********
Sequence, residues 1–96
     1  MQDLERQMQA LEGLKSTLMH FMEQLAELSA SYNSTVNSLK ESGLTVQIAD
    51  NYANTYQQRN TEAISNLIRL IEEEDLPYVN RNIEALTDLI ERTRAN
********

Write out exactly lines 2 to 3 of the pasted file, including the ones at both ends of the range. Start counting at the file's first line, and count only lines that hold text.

     1  MQDLERQMQA LEGLKSTLMH FMEQLAELSA SYNSTVNSLK ESGLTVQIAD
    51  NYANTYQQRN TEAISNLIRL IEEEDLPYVN RNIEALTDLI ERTRAN